In 2009, as the country was in the throes of a major economic recession, carmakers were required to improve fuel mileage. In response, Ford Motor Company produced two models that touted fuel economy in an affordable car. However, these models have been plagued with transmission problems that have placed customers in Arizona and elsewhere in potentially dangerous situations and have been the subject of several auto product liability lawsuits.
An investigation into the DPS6 dry dual-clutch used in the Ford Fiesta and Ford Focus models revealed that the company was aware that serious problems existed. An engineer wrote a detailed memo warning that the transmission problems were not resolved, but the company still pushed production in order to meet the fuel standards. In spite of multiple customer complaints of difficulties with shifting and acceleration, Ford introduced the Focus a few years after the Fiesta.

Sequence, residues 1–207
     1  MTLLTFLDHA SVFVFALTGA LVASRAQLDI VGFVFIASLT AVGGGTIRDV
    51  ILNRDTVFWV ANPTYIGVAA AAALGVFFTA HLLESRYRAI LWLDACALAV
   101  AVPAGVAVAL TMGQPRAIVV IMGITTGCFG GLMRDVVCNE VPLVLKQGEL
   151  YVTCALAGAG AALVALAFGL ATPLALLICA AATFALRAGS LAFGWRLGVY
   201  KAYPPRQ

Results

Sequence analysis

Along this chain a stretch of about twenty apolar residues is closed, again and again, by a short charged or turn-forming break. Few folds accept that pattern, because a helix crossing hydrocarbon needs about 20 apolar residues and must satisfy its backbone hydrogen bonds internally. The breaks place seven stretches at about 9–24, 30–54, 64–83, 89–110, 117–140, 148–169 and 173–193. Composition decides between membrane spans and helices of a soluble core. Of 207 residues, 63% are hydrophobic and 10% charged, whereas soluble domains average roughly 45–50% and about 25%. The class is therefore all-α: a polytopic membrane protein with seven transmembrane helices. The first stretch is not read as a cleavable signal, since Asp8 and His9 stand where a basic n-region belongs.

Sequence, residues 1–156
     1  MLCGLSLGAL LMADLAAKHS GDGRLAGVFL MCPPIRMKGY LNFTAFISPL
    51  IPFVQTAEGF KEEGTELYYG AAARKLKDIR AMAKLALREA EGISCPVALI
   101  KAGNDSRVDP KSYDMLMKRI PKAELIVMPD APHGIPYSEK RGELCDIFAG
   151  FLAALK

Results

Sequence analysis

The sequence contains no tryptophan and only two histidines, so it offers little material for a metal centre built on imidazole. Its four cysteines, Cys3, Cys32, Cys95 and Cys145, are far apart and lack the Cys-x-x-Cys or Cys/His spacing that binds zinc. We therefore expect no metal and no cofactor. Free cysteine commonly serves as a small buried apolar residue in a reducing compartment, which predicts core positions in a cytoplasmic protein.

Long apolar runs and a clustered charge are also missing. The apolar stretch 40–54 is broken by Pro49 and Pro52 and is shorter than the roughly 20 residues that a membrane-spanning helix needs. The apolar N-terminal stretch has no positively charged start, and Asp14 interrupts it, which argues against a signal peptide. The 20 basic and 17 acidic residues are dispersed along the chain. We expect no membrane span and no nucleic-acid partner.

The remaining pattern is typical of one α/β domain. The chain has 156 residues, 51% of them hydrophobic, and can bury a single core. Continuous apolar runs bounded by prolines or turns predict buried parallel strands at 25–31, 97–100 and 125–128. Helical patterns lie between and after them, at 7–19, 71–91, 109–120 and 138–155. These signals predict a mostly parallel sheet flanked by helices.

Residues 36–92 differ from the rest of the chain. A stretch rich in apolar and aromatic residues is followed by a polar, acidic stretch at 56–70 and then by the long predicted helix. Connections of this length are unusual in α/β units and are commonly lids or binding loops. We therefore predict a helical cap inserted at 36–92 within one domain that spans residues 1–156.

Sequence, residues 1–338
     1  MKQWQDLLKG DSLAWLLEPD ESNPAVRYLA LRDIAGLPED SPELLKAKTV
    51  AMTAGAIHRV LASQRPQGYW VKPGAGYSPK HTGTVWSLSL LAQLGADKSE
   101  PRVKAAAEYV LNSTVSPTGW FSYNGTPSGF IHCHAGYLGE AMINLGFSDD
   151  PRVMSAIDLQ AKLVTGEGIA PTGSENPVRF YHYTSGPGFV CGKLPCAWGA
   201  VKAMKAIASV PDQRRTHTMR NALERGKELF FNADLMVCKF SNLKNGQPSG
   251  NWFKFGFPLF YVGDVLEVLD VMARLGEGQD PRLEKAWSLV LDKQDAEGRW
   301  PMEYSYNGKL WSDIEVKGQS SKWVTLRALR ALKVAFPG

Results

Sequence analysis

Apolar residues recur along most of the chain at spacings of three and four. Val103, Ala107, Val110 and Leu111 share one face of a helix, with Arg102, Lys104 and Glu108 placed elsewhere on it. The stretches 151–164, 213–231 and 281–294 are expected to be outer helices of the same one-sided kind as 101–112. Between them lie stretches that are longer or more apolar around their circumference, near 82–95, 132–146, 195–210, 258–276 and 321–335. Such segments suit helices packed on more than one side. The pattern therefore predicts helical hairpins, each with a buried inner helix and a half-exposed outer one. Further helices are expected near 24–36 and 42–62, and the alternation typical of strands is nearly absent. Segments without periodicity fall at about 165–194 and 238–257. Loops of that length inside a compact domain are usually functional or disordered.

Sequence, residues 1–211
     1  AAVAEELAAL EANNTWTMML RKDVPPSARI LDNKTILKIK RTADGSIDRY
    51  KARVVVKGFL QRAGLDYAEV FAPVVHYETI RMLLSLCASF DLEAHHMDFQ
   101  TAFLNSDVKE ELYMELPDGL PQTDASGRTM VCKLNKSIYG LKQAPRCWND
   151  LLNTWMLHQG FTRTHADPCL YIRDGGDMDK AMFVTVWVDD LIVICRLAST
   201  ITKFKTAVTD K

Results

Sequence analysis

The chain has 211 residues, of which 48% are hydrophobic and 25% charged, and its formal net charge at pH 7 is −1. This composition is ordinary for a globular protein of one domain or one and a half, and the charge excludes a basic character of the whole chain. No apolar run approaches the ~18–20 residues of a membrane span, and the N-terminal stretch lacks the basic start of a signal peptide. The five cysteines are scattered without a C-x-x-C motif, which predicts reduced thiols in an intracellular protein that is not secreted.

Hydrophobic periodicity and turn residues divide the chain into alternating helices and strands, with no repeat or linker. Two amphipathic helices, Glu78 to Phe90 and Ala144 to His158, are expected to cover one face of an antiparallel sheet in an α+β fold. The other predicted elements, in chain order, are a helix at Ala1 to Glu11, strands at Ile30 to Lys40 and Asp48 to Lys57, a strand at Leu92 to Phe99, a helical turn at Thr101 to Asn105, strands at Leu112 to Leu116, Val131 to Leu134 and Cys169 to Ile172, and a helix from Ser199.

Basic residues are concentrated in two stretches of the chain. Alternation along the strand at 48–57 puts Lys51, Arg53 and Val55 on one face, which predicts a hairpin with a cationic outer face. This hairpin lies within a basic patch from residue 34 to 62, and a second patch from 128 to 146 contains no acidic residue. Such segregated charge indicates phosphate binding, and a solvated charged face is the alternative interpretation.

The company denies that the vehicles are unsafe in spite of the fact that customers reported being involved in crashes that could be directly attributed to the problems with the transmissions. The investigation found that approximately 50 injuries were believed to have been caused by the issue. One customer reported that his car was involved in a side-impact crash when his new Focus accelerated without warning into an intersection. His wife suffered a bruised heart in the collision.
The National Highway Traffic Safety Administration has not opened an investigation nor has it ordered a recall. Ford maintains that the trouble stems from relatively new technology and customers' inability to adjust to the transmissions. Across the country, thousands of customers have filed complaints over costly repairs that have not corrected the problem and leave them with vehicles that pose a hazard. Those who have suffered injuries or sustained significant monetary losses due to an Arizona accident that may be attributed to a vehicle defect may have a basis for filing an auto product liability claim to seek recovery of their monetary damages.